Tuesday 11 November 2014
WHILE I was reading Edward Sri’s Men, Women and the
Mystery of Love I was twice interrupted by
enthusiastic fans of Sri’s work, telling me that they owned the book, and how
much they had enjoyed it. Now that I have read it, I happily join their number.
In his book, Sri provides an accessible
account of St John Paul II’s lesser known work Love and Responsibility (1960). Written by the young Fr Karol Wojtyla, Love and
Responsibility is a prophetic answer to a modern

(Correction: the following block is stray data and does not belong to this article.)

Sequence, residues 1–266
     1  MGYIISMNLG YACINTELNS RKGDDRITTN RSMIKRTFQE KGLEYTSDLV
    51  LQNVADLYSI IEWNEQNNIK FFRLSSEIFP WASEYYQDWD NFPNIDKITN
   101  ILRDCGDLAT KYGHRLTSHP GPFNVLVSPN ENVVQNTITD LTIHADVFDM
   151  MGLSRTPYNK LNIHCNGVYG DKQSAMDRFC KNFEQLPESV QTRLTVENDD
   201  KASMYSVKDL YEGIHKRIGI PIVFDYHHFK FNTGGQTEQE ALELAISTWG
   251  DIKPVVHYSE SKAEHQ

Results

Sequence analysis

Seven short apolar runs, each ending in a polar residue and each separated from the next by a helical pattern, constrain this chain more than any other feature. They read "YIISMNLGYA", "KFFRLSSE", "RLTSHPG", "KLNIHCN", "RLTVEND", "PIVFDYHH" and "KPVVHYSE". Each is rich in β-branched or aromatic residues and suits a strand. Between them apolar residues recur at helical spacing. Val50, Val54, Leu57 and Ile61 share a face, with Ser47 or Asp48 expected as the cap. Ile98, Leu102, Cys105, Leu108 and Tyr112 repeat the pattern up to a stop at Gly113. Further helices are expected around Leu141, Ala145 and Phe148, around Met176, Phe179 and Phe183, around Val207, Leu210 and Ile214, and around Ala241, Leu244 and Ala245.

world that describes human (read ‘romantic’) relationships in terms of
‘personal pleasure’ and ‘use’.
Writing in post-war Poland, Wojtyla was
vociferous against the ‘dehumanising’ regimes of communism and Nazism. In this
and Responsibility is also a defence of the
dignity of the human person.
It is an amazing book—well worth the read—but often the power of Love and Responsibility is lost by
Wojtyla’s use of complex philosophical language.
Over 12 easy-to-read chapters, Men, Women and the
Mystery of Love is a guide to the main points of